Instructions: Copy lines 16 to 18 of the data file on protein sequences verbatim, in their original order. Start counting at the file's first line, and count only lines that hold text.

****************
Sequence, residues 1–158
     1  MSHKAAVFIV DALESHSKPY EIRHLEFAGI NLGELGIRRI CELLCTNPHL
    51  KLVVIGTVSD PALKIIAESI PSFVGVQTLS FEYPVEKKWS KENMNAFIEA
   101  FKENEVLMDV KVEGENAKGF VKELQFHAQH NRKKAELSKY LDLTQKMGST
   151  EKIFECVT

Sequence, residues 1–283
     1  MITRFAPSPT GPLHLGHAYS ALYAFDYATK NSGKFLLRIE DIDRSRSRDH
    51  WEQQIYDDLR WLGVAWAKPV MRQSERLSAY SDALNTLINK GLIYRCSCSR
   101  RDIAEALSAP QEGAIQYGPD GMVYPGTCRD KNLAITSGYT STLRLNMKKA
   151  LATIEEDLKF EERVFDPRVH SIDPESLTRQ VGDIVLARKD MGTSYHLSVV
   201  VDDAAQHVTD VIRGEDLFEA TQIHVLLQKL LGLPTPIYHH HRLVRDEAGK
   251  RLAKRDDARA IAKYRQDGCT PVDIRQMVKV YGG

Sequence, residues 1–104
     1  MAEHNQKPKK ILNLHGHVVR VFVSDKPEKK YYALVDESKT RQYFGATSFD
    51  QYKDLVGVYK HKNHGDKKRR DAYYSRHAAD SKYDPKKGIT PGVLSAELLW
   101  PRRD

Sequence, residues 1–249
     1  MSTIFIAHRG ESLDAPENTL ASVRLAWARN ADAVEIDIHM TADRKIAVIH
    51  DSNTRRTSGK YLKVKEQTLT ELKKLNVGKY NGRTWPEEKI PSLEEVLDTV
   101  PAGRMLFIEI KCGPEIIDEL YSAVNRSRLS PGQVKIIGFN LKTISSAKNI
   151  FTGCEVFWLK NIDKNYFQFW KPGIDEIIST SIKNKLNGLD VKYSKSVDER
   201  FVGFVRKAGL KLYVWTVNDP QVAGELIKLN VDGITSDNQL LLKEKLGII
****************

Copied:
   101  PRRD

Sequence, residues 1–249
     1  MSTIFIAHRG ESLDAPENTL ASVRLAWARN ADAVEIDIHM TADRKIAVIH